Quality should be built into the design throughout the specification, design and verification process. Performance metrics on nonconformance tracking are mandated and monitored by regulatory authorities. However, metrics on nonconformance are often inaccurate, since an organization is often functioning with too many nonconformance systems, with poor systems that do not do a good job of tracking nonconformances, or with paper-based systems whose metrics cannot be easily managed.
An effective CAPA system has been, in effect, an expectation for many years for companies operating to ISO 9000 Quality Management standards, including medical devices operating to ISO 13485. The pharmaceutical Industry has, over the last decade, put significant effort and resources, in a reactive mode, to managing and investigating deviations, resulting in corrective actions. However, there has been less focus on proactively undertaking preventative actions within the CAPA system.
ICH Q10 describes a comprehensive model for an effective pharmaceutical quality system that is based on International Organization for Standardization (ISO) quality concepts. The standard includes applicable good manufacturing practice (GMP) regulations, and complements ICH “Q8 Pharmaceutical Development” and ICH “Q9 Quality Risk Management.”7 ICH Q10 is a model for a Pharmaceutical Quality System (PQS) that can be implemented throughout the different stages of a whole PQLI.8 ICH Q10 requires an effective CAPA system that identifies areas for improvement as product and process understanding expands, implements improvements, and monitors effectiveness.
Deviations often are seen as singular events, rather than yet another example of a problem that is already identified as a deviation in the system. There is no “look back” to determine if the new event is already covered by a current effort, or the evidence of an ineffective CAPA. Products impacted by the deviation are not evaluated based on scientific data, and the perimeter is not drawn wide enough to include anything beyond the current batch — and certainly not to anything released into the market place.
Table 3: PACA System Throughout the Product Lifecycle
Preventive and corrective actions are incorporated into the iterative design and development process. Informatics platforms are the glue to enable the cross functional collaboration.
Effective system for feed-forward and feedback and continual improvement. Informatics platforms facilitate transforming tacit knowledge into shareable information content.
Effective process performance for nonconformances, recalls, deviations, audits, regulatory inspections and findings.
PACA should continue after the product is discontinued. The impact on product remaining on the market should be considered, as well as other products that might be affected.
Adopting the QbD mindset
Corrective Action and Preventive Action is one of the four elements to support pro-active continuous improvement process, within this product lifecycle approach. Today’s CAPA systems are good, but focusing on a traditional reactive approach. In many cases, these are initiated by an exception in a manufacturing process. The Q10 lifecycle guideline recommends a much more pro-active approach to make biopharmaceutical manufacturing simple, more robust and sustainable. Continuous improvement should start at the source from R&D. Modern informatics platforms will allow organizations to significantly improve the usage of prior knowledge further in the value chain. Scale-up information, clinical research, translational medicines and failed reactions during discovery may well contribute to a better understanding of the drug substance than we have anticipated. These informatics platforms will allow cross-functional data trending and holistic data reviews and significantly influence the way we look to CAPA. It is time to put more emphasis on the preventing facet and re-order the sequence of the CAPA abbreviation into PACA. We now can turn our potential data graveyards into valuable resources to facilitate the QbD promise across the pharmaceutical quality system model.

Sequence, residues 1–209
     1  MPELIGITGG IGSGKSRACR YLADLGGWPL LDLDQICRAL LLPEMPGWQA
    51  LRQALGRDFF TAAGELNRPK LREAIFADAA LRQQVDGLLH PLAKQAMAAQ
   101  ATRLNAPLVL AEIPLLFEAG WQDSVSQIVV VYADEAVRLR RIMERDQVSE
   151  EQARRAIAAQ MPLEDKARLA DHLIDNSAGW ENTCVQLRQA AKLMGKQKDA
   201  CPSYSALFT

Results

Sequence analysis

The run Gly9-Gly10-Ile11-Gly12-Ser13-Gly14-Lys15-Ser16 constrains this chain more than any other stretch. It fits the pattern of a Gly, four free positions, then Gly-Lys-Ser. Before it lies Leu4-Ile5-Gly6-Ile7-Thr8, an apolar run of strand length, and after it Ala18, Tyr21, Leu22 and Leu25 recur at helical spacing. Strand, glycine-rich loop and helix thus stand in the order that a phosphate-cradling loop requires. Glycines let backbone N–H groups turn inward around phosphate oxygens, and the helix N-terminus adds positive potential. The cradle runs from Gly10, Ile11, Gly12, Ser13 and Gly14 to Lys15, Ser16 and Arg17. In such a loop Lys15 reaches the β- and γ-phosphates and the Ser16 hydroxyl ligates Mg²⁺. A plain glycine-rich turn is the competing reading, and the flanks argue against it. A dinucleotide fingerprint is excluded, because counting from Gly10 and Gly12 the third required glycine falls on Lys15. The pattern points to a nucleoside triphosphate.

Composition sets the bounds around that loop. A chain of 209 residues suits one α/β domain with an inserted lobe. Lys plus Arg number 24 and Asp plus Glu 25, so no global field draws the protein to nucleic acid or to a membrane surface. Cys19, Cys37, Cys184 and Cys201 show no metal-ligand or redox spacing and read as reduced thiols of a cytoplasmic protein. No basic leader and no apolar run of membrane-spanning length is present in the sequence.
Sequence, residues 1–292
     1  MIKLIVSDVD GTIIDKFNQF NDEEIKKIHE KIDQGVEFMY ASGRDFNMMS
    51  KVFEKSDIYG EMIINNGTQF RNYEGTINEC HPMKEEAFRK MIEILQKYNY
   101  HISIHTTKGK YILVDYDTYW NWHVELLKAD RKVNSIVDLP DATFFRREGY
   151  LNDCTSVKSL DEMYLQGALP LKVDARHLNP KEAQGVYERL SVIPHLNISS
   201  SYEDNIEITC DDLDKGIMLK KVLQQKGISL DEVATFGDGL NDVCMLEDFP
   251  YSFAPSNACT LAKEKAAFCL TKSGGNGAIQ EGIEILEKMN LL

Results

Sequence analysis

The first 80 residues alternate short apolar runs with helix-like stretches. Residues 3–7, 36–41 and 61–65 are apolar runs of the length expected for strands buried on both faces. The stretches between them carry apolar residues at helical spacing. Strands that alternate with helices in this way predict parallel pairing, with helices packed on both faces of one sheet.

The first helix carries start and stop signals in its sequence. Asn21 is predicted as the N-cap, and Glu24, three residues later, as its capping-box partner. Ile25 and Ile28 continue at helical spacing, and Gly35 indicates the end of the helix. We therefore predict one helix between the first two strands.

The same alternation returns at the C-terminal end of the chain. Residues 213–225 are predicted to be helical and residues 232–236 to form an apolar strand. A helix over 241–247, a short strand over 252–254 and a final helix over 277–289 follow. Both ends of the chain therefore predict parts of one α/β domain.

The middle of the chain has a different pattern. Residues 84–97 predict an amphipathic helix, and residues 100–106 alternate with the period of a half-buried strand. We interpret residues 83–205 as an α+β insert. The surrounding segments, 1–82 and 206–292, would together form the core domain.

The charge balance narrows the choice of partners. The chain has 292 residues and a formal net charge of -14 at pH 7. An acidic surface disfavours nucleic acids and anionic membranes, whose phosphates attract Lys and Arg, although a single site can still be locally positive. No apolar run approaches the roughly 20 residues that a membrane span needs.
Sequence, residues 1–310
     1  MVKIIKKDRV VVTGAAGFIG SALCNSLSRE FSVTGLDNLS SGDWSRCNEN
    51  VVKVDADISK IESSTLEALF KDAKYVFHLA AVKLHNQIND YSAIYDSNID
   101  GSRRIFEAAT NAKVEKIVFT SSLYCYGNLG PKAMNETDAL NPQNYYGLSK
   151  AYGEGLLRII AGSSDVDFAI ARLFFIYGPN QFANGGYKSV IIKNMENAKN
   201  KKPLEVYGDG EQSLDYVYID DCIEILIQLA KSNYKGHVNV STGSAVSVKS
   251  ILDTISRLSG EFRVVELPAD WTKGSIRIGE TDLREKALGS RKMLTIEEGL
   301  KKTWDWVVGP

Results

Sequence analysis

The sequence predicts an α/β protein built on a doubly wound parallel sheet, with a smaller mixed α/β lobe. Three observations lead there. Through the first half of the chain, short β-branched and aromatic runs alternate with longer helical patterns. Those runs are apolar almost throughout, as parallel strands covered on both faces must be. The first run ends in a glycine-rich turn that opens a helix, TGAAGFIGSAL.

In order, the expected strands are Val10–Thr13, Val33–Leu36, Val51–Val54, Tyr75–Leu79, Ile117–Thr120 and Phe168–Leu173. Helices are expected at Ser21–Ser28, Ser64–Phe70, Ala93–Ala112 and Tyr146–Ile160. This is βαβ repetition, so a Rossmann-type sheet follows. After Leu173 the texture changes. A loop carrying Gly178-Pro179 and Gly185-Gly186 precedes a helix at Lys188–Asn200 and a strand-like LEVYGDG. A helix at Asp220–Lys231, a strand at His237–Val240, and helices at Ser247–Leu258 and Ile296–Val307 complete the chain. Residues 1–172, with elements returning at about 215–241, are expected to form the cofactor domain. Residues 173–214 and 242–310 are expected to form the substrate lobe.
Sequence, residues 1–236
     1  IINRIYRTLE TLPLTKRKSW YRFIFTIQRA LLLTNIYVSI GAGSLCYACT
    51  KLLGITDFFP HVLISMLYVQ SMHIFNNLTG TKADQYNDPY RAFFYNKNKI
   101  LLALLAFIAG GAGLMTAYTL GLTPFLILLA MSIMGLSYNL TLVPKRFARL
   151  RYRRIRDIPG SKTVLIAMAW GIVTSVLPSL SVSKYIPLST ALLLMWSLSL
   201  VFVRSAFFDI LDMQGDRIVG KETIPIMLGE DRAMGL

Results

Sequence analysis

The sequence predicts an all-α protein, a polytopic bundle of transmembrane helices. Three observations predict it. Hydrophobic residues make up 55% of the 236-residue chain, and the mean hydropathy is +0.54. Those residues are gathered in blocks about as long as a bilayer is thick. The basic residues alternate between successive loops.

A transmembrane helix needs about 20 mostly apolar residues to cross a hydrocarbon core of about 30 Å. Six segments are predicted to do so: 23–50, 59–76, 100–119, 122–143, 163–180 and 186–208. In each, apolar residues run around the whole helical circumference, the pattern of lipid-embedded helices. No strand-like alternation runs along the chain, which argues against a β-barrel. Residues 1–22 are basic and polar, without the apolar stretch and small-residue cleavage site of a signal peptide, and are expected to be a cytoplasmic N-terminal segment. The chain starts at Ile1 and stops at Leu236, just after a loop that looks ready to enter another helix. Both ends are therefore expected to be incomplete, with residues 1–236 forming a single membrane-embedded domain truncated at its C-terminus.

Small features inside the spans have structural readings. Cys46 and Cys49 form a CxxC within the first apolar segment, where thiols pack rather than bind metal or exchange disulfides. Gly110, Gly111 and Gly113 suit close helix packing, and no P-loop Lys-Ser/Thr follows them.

The future of PACA will be more based upon non-exception data types, including data trending and holistic data reviews, increased industry and regulatory surveillance and costs of quality models. Overall, an effective PACA system will provide services to address harmonization, integration and consolidation of business processes in life science research, development and manufacturing. It will answer the “what’s in it for me” question and enable cross-functional collaboration between research, development, quality assurance and manufacturing corporations to achieve Quality by Design (QbD) initiatives.
1. JURAN , QbD – ISBN
2. Guidance for Industry ICH Q10 Pharmaceutical Quality System, April 2009. ISBN: 9780029166833
3. Boogaard & Griep, Informatics Engine drives Pharma development toward Quality by Design, Scientific Computing, Dec 2011
4. The Wall Street Journal, Sept 2003
5. McKinsey & Company, Ted Fuhr, June 2010
6. CMC Biotech Working Group, 2009. Publicly available via CASSS and ISPE
7. FDA, Understanding Challenges to Quality by Design, Final deliverable for FDA Understanding Challenges to QbD Project, December 18, 2009.
8. Product Quality Lifecycle Implementation (PQLI) from Concept to Continual Improvement, www.ispe.org
Peter Boogaard is the founder of Industrial Lab Automation. He may be reached at editor@ScientificComputiong.com